The one thing you have to love about Bernie Sanders: He’s got no caucus or party to please, so he’s not afraid to call it like he sees it. In this age of rampant partisanship, when toeing the party line trumps doing what’s right, it is refreshing to hear from a person who legitimately thinks for himself. Now, we’ll grant, Tea Party “independents” say much the same thing about their klan of konservative krusaders. In reality, though, nevermind Sarah’s “Lone Wolf” spiel — her group is about as “independent” from corporate dollar-washing as a group of remoras are from a shark.
Salon.com reporter Thomas Frank recently had a sit-down with the real Lone Wolfman of Vermont for a little chat about the death of America’s middle-class in the jaws of Palin’s corporate sharks, and other parasites who cling to the billionaire underbelly. And yes, that includes Democrats. From the Salon interview:
Concern over Income Inequality.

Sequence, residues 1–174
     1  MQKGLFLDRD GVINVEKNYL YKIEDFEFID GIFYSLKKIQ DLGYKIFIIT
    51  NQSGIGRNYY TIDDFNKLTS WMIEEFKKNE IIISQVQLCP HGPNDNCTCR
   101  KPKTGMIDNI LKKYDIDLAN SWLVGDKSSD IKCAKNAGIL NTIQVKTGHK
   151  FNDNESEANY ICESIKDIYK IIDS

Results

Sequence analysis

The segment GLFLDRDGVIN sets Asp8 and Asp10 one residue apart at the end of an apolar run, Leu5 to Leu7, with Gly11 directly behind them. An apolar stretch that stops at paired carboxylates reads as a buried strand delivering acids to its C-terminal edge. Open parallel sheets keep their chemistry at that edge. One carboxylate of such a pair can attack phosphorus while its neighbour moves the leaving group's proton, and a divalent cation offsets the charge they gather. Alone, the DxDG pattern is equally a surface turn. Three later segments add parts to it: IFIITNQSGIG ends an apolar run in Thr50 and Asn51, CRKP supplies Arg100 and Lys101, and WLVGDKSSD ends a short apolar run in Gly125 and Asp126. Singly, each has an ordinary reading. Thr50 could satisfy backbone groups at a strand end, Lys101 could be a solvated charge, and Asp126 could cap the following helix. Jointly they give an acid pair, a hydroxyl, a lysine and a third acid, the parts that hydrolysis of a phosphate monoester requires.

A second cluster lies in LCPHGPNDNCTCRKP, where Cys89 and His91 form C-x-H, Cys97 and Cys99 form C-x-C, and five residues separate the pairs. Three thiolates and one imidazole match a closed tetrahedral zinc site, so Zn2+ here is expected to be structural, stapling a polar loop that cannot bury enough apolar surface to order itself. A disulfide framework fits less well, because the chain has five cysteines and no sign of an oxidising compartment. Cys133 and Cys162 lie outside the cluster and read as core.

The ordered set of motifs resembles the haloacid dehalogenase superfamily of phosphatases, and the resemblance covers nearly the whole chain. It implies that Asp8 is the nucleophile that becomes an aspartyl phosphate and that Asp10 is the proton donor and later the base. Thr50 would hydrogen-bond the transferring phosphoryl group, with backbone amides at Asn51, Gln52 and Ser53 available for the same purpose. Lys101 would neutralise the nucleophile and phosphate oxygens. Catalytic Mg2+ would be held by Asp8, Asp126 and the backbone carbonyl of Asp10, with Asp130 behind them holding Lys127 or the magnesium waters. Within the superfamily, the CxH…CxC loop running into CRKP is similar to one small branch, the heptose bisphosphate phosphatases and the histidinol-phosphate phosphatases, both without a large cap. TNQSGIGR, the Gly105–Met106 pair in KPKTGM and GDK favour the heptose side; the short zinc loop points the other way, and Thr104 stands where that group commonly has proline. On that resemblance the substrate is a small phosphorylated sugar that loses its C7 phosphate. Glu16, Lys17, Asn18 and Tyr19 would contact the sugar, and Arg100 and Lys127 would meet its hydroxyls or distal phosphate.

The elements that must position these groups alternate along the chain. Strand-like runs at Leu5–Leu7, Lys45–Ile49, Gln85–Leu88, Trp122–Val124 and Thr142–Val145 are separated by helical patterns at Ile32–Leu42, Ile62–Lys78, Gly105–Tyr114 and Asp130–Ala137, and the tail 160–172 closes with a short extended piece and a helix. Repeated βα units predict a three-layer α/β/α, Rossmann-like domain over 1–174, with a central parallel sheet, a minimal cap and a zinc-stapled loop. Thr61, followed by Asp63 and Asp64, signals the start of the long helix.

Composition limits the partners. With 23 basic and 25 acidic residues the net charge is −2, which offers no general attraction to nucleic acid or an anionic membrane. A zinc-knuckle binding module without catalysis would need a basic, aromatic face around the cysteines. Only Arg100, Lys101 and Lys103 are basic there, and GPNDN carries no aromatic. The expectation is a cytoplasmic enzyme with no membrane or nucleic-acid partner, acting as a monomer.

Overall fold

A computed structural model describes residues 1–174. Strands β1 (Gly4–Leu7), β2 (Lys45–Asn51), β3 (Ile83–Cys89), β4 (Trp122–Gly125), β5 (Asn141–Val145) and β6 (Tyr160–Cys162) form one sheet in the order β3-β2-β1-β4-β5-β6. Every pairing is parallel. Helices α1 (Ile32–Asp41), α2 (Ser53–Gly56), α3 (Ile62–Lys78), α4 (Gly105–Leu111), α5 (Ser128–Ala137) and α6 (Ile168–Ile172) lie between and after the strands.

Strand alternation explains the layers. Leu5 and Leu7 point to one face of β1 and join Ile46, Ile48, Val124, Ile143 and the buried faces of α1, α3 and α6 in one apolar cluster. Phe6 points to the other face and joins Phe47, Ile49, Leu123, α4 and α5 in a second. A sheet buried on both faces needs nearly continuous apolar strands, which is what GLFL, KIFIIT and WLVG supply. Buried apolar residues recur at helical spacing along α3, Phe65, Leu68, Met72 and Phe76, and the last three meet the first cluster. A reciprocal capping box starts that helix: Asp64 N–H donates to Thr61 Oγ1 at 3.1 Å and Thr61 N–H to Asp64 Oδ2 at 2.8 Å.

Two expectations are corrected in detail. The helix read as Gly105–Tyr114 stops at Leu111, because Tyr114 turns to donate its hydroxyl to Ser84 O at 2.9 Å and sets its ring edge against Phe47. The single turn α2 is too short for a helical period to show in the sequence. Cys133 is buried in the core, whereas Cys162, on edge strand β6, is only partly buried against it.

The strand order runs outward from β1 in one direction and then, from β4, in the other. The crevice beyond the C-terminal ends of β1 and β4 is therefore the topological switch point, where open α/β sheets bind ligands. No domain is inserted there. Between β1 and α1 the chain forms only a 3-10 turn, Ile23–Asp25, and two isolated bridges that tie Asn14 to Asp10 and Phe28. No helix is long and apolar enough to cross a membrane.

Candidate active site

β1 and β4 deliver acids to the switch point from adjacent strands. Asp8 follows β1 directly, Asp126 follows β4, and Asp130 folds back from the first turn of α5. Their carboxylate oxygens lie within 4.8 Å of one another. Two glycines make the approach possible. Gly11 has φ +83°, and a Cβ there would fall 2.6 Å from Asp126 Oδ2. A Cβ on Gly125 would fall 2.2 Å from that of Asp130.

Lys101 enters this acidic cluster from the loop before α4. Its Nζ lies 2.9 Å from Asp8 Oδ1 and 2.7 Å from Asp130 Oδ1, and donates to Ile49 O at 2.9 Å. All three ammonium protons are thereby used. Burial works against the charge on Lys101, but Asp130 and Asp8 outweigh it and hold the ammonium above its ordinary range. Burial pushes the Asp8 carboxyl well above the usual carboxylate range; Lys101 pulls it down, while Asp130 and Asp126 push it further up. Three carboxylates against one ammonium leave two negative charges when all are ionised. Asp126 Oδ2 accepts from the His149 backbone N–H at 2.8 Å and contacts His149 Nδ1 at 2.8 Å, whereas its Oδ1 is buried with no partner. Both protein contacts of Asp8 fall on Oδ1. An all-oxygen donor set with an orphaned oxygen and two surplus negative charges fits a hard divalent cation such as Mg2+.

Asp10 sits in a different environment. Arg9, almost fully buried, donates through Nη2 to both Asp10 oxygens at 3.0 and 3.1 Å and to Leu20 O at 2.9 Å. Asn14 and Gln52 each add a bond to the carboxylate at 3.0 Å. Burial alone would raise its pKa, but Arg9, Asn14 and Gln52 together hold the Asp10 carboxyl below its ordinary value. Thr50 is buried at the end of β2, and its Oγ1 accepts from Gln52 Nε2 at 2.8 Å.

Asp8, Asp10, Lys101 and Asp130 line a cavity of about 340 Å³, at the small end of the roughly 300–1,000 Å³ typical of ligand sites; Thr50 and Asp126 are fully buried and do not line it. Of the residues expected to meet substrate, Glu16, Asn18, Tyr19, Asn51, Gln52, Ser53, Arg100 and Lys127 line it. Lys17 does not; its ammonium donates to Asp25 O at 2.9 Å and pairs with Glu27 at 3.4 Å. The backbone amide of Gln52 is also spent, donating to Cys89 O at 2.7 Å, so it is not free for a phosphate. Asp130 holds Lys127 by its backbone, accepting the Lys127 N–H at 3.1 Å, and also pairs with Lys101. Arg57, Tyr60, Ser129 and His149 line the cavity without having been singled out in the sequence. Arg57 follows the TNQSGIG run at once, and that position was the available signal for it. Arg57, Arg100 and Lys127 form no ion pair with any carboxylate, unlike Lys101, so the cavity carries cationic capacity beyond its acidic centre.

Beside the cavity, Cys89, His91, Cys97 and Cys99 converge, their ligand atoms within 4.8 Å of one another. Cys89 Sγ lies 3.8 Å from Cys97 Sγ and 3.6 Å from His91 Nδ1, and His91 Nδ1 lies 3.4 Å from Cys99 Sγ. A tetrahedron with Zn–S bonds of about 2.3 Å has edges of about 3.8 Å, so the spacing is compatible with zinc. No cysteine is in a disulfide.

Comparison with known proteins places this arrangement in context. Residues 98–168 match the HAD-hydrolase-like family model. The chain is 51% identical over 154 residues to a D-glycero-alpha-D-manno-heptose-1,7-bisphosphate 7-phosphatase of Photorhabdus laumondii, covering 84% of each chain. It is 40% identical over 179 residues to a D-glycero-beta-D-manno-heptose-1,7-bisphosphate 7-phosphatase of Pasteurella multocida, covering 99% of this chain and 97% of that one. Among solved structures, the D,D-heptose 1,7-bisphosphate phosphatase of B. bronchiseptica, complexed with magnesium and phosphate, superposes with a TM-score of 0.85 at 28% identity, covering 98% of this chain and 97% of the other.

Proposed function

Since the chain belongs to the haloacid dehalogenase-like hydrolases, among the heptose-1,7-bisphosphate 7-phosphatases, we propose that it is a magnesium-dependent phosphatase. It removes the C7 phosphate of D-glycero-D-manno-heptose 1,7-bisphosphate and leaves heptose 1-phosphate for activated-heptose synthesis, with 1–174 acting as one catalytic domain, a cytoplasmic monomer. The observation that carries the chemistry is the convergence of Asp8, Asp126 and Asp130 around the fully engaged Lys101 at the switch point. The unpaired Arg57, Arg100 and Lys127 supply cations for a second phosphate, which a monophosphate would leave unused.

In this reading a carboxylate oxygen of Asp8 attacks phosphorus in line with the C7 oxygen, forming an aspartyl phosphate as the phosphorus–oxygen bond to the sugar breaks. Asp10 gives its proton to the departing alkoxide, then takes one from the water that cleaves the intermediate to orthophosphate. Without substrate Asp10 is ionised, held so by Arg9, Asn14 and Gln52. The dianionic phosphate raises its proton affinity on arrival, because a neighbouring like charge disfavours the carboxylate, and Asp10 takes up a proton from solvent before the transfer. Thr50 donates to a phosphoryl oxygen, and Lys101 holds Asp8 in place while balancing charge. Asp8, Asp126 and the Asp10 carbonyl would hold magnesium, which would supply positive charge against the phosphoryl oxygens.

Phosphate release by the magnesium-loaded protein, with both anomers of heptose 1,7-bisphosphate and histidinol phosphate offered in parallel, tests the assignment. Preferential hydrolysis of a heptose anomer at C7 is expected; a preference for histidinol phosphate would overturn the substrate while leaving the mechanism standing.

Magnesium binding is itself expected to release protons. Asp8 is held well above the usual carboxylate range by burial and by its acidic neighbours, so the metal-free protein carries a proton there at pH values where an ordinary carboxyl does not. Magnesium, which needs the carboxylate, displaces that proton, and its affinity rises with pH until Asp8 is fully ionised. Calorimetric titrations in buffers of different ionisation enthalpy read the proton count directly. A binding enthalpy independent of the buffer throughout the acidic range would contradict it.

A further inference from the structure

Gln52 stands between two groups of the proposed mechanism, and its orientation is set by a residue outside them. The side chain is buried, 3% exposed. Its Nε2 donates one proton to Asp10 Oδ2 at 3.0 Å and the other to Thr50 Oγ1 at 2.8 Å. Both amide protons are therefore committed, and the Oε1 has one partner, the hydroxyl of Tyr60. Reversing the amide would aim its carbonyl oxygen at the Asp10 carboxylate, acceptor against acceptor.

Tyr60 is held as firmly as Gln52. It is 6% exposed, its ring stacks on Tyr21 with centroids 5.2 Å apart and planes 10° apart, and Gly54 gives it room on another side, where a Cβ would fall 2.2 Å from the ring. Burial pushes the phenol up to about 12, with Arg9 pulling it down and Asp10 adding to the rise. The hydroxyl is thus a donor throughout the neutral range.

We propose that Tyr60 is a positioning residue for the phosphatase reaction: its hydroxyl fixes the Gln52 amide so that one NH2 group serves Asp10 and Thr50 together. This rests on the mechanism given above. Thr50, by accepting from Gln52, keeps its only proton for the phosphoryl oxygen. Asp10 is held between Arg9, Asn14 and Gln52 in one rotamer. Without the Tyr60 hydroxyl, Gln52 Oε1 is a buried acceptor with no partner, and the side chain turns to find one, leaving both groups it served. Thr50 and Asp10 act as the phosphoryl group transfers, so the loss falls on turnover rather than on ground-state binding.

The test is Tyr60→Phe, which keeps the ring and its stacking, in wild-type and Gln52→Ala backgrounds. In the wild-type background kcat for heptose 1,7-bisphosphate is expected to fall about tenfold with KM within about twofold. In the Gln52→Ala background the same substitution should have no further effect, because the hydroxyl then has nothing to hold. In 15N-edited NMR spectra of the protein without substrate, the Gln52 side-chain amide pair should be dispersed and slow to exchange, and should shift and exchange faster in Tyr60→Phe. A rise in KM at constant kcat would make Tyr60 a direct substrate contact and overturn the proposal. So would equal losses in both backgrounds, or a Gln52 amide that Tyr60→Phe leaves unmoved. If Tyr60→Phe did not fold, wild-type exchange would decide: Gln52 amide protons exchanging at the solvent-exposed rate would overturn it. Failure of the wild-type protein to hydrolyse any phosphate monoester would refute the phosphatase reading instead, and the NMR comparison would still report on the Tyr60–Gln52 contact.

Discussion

We have a very conservative Senate and House. Congress is dominated by large campaign contributors who exercise enormous influence. I think, the people here [in Washington] have almost developed an instinct not to attack the people who put money into their coffers. Obviously the Republicans are beholden to these guys. But too many Democrats are nervous about talking about issues including income and wealth inequality.
But in fact, the American people absolutely want to hear about it. I talk about it all the time. I give a lot of speeches and large crowds come out. People are very, very concerned about the overall impact of income and wealth inequality in terms of morality, in terms of economics, in terms of—with Citizens United—what it means to our political system.